Cycle 1 project 7

Molecular Imaging of Blood Brain Barrier Alterations with new peptide ligands

 

PhD student: Jeinny Karina Vargas Sanchez, Colombia
Home Institute: Bordeaux Neurocampus; Principle Investigator: Klaus Petry
Host Institute: Amsterdam Neuroscience; Principle Investigator: Elga de Vries

Executive Summary
Multiple sclerosis (MS) is a chronic inflammatory disease of the central nervous system that leads to severe neurological deficits. Pathologically, MS is characterized by demyelination and axonal damage, induced by infiltrated leukocytes. Importantly, the invasion of the central nervous system (CNS) by leukocytes depends on complex molecular alterations of microvascular endothelial cells at the blood brain barrier (BBB) that are still poorly understood. These molecular alterations provide the opportunity to target specifically the areas undergoing acute inflammatory lesion formation, although to date the spatiotemporal changes at the BBB during MS remain unknown.

To visualize the events at the BBB that underlie MS lesion formation in time, selective imaging tools to distinguish and understand the molecular alteration are highly sought after. In order to develop such selective markers, we have applied phage displayed heptapeptides screening and have already isolated potential candidates that bind to molecules expressed in various cells interacting with inflamed BBB.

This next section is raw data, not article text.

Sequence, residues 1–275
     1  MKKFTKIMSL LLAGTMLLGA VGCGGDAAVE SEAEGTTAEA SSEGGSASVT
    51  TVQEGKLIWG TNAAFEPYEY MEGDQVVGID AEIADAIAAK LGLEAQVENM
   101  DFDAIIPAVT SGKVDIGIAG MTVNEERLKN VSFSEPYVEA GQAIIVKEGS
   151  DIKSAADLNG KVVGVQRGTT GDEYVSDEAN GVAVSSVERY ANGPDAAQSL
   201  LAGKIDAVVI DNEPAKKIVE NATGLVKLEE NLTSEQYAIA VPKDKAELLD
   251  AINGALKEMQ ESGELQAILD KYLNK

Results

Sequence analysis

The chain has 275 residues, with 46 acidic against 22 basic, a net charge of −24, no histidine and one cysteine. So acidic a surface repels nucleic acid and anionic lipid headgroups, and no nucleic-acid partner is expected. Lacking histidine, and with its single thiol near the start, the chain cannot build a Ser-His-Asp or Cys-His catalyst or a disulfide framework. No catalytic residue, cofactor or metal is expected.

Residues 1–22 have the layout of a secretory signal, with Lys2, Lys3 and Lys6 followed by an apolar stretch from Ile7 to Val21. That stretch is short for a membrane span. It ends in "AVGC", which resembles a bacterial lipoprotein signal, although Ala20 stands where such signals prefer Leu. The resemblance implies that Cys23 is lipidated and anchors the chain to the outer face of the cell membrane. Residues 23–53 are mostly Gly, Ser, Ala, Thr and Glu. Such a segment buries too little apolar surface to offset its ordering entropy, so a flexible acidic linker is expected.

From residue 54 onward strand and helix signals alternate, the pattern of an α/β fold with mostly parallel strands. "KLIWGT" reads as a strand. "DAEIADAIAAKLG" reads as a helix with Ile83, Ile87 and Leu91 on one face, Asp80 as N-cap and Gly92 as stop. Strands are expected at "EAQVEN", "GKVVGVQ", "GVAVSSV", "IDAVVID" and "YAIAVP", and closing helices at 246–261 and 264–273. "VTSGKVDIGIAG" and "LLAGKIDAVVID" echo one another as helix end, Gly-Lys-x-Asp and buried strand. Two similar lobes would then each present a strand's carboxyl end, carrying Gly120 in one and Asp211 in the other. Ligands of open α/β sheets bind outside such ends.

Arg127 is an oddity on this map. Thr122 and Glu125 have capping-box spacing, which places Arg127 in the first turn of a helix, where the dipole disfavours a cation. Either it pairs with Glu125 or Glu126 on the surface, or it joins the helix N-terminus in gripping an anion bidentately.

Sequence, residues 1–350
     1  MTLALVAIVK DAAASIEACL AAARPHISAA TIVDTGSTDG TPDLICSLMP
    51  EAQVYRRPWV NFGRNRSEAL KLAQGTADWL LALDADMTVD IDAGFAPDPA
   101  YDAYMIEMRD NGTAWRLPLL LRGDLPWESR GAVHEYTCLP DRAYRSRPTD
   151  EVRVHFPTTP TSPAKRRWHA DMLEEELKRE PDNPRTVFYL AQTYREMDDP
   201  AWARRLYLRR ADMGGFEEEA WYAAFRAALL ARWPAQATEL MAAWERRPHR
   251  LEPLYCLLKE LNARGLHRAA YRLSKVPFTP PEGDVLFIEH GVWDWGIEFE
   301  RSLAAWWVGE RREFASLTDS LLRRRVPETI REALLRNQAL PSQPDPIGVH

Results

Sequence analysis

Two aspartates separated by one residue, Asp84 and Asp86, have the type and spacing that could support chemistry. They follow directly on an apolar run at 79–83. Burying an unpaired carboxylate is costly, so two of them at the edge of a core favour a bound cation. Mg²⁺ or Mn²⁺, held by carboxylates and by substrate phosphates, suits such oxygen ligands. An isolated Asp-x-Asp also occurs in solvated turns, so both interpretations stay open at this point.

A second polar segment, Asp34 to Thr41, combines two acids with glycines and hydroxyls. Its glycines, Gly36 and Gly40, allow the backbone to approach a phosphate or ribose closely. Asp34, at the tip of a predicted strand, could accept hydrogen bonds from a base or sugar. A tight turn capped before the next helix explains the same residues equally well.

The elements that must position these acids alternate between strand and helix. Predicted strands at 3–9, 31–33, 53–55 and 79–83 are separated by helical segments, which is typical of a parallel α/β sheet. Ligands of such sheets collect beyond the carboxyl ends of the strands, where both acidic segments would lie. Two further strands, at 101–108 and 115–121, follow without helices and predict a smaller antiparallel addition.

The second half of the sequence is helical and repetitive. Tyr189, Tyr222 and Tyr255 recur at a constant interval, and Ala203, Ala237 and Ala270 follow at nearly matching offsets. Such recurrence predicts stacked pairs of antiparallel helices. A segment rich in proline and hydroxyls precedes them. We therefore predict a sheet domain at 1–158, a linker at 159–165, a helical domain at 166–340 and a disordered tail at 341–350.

The overall aim of this project is now to identify peptide ligands that bind to 2 specifically or highly expressed targets at the BBB during early / acute neuroinflammation in the experimental allergic encephalomyelitis (EAE) rat model. Next, their use as selective imaging tool will be validated in vivo using magnetic resonance imaging (MRI). Importantly, through this joined grant proposal, we will be able to translate our findings to the human situation by validating their expression at various stages of well-characterized human MS lesions. This project will in future lead to novel imaging tools to detect pathological events ongoing in MS patients and opens the avenue for selective drug targeting to the brain at various pathological conditions.

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